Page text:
readings spiked after the Fourth of July, the researchers
noticed — a holiday when the women had loaded up on salty
foods. Due to signal and data variations, Alshurafa could also
tell when one participant faked her workouts by shaking the
phone in her hand instead of taking walks.
unusual patterns of data were spotted, a nurse would give the
subject a call, which at wavering moments reinforced the idea
that someone was watching and that the diet and exercise goals
were important, Alshurafa said.
results from the study have been promising. Compared with a
control group, the church women had significant improvements
in blood pressure and cholesterol levels, lower levels of
anxiety and stress and improved eating and exercise habits.
The UCLA team reported their findings last month at an
American Heart Assn. scientific meeting in Chicago.
changed things that are very important for heart
disease," Eastwood said, adding that many participants
said the program had made them and their families healthier.
now 33 and a full-time student, cut red meat out of her diet
and loaded up on vegetables. In addition to losing weight, she
significantly improved her blood pressure and triglycerides.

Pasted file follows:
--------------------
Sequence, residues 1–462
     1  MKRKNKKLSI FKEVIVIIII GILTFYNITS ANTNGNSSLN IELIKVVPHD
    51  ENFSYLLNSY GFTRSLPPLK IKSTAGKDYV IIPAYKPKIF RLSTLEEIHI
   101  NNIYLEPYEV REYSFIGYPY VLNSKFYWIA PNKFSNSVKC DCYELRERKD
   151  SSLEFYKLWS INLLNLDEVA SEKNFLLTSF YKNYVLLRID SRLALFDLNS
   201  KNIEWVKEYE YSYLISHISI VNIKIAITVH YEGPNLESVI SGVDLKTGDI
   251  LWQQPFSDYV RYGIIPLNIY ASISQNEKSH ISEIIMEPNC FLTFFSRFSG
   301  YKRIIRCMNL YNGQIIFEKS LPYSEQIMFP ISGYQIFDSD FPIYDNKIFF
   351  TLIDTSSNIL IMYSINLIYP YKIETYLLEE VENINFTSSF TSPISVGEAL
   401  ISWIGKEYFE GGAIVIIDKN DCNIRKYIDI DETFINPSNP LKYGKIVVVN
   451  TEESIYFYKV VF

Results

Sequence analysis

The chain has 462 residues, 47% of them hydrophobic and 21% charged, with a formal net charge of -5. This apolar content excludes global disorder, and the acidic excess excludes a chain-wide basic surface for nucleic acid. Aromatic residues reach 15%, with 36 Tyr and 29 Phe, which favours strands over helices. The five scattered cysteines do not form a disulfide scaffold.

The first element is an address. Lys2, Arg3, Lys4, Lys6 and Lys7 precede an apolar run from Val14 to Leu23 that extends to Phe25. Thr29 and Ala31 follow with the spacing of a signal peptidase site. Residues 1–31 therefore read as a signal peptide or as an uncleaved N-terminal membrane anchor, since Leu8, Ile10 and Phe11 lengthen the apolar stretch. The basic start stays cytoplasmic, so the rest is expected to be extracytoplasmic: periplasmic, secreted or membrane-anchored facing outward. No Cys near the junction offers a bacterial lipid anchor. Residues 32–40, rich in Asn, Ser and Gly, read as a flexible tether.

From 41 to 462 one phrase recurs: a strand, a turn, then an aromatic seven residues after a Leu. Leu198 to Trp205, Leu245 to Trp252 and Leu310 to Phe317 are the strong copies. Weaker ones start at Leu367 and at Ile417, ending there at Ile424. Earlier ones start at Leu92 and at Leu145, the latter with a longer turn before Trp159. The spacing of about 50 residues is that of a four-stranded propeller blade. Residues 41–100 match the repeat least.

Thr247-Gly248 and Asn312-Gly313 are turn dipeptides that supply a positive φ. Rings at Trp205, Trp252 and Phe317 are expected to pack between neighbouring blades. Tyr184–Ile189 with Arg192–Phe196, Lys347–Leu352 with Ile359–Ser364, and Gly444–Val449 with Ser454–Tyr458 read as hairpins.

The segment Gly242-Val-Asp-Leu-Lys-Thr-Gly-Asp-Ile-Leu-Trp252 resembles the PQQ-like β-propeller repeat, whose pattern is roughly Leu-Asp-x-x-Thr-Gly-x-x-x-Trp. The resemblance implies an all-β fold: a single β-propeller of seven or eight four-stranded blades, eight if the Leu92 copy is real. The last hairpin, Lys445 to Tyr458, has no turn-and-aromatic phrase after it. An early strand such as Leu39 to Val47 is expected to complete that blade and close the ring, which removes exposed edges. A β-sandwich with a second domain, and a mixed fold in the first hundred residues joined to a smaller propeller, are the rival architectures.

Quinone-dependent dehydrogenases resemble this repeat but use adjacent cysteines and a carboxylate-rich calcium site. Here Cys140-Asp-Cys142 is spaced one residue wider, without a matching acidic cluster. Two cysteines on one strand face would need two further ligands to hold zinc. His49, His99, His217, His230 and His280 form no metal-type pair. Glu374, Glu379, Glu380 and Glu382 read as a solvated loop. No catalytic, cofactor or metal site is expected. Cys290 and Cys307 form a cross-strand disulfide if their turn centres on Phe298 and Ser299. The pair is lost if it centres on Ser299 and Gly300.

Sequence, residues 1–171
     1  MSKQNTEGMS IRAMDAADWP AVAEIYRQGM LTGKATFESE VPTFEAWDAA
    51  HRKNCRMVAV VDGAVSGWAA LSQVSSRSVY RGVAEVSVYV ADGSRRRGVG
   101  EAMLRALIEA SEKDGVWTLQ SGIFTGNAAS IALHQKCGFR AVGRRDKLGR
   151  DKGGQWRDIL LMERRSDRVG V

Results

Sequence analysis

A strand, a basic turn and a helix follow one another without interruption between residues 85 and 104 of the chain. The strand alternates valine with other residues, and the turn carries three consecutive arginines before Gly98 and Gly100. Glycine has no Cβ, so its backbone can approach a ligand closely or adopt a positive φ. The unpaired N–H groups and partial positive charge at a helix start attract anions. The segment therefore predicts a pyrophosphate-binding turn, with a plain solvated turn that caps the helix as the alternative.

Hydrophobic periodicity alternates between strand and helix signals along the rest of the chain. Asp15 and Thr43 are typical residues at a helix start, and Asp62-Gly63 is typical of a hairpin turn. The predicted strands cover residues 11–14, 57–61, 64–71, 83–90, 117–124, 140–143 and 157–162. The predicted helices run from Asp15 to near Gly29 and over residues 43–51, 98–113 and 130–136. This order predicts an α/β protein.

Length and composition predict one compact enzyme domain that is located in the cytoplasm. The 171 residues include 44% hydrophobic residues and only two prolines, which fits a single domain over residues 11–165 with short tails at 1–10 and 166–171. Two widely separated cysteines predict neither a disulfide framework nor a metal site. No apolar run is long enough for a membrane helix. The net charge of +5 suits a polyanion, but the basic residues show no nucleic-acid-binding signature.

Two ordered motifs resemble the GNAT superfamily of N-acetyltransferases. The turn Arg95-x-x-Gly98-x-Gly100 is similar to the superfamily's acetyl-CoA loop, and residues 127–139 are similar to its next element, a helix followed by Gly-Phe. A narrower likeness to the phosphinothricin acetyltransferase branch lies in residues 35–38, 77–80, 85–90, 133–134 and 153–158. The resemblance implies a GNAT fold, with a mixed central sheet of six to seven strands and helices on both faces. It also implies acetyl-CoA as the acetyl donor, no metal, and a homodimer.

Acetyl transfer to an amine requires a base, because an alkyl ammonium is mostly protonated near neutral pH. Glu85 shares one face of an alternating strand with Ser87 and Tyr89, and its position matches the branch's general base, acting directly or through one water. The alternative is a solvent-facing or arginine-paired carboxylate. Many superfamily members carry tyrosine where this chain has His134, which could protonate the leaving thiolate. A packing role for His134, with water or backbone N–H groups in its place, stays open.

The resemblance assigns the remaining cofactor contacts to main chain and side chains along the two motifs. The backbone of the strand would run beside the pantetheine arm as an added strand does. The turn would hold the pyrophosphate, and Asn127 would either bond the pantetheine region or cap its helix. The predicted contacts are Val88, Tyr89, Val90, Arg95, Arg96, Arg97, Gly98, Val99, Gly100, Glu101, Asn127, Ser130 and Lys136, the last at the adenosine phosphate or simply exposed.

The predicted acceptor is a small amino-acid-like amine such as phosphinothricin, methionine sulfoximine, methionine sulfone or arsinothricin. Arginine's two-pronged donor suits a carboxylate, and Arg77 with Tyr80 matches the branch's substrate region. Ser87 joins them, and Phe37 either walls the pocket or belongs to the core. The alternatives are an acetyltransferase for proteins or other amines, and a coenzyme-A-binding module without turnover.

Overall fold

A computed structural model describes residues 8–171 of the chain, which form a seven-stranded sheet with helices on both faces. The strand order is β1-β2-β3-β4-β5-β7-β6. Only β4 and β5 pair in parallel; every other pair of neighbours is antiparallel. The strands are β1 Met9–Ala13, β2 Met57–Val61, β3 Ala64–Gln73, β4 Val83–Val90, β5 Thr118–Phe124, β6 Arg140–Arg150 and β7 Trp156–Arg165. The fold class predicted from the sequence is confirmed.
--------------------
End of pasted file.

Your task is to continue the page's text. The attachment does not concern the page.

smartphone helped keep her honest.
lies to themselves," she said. "But when you use the
phone, you can’t really lie. You can’t cheat. The phone
showed that you did the work. It kept track every time you
phones appear to have been key in prompting transformations
like Sago’s, Eastwood said.
like to be connected," she said. "This was a good
way for them to have some social support ... someone to cheer
them on and keep them on the right track."
will continue analyzing results in the coming months and hopes
to revisit the women in a year and see how they’ve fared.
Jackie Russell, Faithful Central Bible Church’s director of
community services and an early champion of the UCLA project,
said such programs won’t help everyone. But she thinks that
if a cellphone app gets even a few of the 3,000 who come to
the church each Sunday to improve how they eat or increase
their exercise, it will be a success.
we throw a wide net, we expect to catch some," she said.